Bombay High Court will hear on Friday a petition filed by a gynecologist and a teacher couple, seeking an amendment to the Medical Termination of Pregnancy (MTP) Act to allow abortions beyond 20 weeks.
The law in India at present permits conditional abortions within 20 weeks of pregnancy.
A division bench of Justice J N Patel and Justice K A Tated on Tuesday constituted a committee headed by the dean of JJ Hospital to examine the pregnant woman and submit a report to the court by Friday.
The petitioners have taken recourse to the extraordinary jurisdiction of the court under Article 226 and the fundamental right to life of Article 21 of the Constitution to plead their case before the court.
The Medical Termination of Pregnancy (MTP) Act was enacted in India in 1971 with a view to prevent female feticide. The law prohibits abortions beyond 20 weeks of pregnancy, which is the time when the sex of a fetus can be determined. Any violation of the law can penalize a couple with an imprisonment of two to seven years.
The petitioner mentioned as Mrs. Y in the court papers, who is pregnant with her first child, discovered that her unborn child was suffering from a congenital complete heart block during a routine check up in the 24th week. One pediatrician observed that soon after the baby was born it would require the placement of a pacemaker that lasts for 4 or 5 years. This means that the child would require at least five pacemaker replacement surgeries throughout life. Doctors noted that this would "seriously compromise the life of the child'' and also expressed fears of a possible "intra-uterine death of the fetus"'.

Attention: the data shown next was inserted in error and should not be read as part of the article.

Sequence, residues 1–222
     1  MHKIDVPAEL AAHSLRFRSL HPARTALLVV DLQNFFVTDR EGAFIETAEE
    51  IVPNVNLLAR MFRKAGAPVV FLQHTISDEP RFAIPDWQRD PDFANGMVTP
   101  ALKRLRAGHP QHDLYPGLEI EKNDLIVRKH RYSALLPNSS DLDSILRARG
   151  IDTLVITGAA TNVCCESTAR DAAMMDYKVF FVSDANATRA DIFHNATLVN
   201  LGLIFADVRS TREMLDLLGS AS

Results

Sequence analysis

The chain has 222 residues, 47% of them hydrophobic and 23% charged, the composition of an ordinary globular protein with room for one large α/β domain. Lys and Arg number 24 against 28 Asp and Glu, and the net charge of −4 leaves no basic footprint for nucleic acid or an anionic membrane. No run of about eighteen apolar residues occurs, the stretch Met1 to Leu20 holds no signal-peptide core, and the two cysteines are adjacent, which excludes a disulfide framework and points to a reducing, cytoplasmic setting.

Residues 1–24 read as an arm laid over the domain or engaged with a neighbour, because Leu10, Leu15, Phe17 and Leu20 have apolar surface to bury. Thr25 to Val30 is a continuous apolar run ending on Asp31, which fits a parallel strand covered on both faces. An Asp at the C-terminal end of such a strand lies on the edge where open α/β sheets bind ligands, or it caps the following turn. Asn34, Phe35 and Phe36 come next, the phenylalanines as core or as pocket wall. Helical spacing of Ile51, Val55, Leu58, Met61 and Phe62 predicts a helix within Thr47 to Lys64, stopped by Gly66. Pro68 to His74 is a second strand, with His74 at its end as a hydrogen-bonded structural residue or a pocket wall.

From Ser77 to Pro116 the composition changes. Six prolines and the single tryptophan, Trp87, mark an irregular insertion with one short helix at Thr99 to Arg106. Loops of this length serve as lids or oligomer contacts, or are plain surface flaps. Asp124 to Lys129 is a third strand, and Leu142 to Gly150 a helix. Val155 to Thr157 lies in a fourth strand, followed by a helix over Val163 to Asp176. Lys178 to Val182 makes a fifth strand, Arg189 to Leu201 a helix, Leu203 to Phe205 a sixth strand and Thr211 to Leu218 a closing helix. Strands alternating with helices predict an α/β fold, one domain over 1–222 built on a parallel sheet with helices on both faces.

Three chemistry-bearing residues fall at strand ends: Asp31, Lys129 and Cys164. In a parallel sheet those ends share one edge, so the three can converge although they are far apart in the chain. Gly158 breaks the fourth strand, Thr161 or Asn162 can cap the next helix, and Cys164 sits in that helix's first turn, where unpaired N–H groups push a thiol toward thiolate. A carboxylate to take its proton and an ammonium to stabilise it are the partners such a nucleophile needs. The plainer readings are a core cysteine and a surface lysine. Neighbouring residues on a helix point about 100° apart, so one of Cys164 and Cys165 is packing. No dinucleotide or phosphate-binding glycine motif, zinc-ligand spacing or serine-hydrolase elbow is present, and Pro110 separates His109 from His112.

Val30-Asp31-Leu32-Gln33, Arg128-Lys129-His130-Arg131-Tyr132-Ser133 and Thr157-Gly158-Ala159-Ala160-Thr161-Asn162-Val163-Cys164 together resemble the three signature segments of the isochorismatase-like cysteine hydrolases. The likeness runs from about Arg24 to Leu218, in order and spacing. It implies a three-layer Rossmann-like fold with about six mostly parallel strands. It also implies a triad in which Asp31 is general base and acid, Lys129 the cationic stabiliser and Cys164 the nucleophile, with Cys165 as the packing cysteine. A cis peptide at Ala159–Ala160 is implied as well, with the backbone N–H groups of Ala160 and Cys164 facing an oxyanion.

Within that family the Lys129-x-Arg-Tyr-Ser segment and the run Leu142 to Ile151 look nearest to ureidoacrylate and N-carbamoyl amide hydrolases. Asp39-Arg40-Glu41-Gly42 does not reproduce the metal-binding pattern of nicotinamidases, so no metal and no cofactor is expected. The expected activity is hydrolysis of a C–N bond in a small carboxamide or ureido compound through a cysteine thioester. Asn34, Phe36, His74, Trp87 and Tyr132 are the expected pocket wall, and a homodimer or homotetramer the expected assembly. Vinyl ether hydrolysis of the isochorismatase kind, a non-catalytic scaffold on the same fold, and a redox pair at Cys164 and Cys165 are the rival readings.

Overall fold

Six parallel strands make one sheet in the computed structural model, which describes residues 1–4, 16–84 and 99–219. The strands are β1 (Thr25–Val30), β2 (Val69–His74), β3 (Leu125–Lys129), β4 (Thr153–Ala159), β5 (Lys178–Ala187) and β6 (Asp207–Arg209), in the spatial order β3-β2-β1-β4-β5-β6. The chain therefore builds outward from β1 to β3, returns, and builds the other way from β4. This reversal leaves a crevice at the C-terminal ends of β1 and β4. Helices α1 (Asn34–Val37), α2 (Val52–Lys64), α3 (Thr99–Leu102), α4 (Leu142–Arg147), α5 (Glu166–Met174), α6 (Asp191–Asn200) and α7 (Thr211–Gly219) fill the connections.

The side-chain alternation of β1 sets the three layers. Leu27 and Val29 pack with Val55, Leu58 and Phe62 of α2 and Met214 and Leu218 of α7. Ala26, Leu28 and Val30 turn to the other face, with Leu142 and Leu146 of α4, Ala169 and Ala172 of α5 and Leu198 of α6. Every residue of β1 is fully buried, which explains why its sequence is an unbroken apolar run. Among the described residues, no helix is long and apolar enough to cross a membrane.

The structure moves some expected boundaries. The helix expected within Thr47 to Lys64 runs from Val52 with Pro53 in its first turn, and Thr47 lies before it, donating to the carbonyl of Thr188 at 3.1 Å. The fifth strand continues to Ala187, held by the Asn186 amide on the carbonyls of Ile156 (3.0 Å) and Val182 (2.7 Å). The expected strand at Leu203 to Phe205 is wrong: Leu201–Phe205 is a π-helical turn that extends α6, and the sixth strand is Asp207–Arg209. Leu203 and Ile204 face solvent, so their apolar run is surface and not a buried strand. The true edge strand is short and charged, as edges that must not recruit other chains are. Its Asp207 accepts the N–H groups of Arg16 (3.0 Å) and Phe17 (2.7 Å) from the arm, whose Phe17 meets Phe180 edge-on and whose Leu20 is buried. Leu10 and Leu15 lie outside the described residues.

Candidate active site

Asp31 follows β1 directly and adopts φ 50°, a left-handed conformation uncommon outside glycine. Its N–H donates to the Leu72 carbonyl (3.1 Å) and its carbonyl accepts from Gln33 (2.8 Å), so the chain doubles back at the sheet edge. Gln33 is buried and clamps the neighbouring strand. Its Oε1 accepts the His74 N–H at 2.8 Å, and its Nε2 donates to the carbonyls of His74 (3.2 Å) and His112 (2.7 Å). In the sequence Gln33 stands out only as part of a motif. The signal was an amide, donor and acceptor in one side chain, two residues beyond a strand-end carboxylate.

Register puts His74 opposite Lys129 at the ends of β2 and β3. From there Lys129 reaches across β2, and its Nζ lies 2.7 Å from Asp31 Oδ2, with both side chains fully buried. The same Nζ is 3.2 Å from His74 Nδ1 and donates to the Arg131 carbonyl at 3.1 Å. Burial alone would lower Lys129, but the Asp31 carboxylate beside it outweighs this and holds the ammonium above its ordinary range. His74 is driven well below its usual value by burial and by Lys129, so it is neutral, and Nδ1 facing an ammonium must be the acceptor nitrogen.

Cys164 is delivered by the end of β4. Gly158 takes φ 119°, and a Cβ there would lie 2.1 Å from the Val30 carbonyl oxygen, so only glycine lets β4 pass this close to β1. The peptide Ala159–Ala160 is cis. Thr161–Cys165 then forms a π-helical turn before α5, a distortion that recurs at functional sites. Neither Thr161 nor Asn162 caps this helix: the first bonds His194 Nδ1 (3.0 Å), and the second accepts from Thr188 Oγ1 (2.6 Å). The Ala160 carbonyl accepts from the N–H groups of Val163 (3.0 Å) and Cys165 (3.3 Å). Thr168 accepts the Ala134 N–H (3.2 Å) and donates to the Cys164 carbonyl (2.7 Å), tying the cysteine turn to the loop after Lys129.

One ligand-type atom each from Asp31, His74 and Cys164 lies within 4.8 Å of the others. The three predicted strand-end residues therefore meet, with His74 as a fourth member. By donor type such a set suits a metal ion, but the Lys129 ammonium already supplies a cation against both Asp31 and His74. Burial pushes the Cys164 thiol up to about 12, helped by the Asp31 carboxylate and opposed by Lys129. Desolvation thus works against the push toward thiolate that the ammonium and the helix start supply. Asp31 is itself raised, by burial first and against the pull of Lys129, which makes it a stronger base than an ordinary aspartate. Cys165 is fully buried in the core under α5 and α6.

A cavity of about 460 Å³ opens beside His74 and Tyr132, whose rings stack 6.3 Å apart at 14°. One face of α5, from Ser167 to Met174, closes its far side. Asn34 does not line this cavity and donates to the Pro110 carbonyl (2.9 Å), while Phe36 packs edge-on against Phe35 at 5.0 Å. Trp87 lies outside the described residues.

The petition also said that Mrs. Y, who is a schoolteacher, "does not want to have a compromised quality of life for her own child and cannot afford the extraordinarily expensive treatment, which may or may not give results."
Dr Nikhil Datar, the Goregaon based gynecologist who is seeking an amendment to the MTP Act claimed that he had come across many such cases where, due to the stringent law, many women go to quacks "seeking unsafe abortions and risking their own life." The doctor also pointed out that in the United Kingdom, medical termination of pregnancy is allowed up to the 26th week.
The petition has urged the court to strike down the provision that makes abortion illegal after 20 weeks, and to allow such medical termination of pregnancy in cases where the life of the mother or the child is in danger.
Many doctors are of the opinion that India's 20-week cut-off for abortion is outdated. "We support raising the limit to 24 weeks in cases when the fetus is not viable or the mother's life is in danger," said Jaydeep Tank, chairperson of the Medical Termination of Pregnancy Committee of the Federation of Obstetrics and Gynaecological Societies of India.